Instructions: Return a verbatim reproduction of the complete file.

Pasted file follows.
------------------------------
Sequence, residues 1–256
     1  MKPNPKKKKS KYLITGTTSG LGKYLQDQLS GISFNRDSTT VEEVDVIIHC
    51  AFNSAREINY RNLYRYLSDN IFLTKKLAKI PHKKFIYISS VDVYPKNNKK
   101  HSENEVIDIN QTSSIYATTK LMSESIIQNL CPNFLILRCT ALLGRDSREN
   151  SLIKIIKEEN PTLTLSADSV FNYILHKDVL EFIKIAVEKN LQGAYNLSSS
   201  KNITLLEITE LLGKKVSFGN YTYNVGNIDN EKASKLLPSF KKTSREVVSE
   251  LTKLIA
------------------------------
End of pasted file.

Sequence, residues 1–256
     1  MKPNPKKKKS KYLITGTTSG LGKYLQDQLS GISFNRDSTT VEEVDVIIHC
    51  AFNSAREINY RNLYRYLSDN IFLTKKLAKI PHKKFIYISS VDVYPKNNKK
   101  HSENEVIDIN QTSSIYATTK LMSESIIQNL CPNFLILRCT ALLGRDSREN
   151  SLIKIIKEEN PTLTLSADSV FNYILHKDVL EFIKIAVEKN LQGAYNLSSS
   201  KNITLLEITE LLGKKVSFGN YTYNVGNIDN EKASKLLPSF KKTSREVVSE
   251  LTKLIA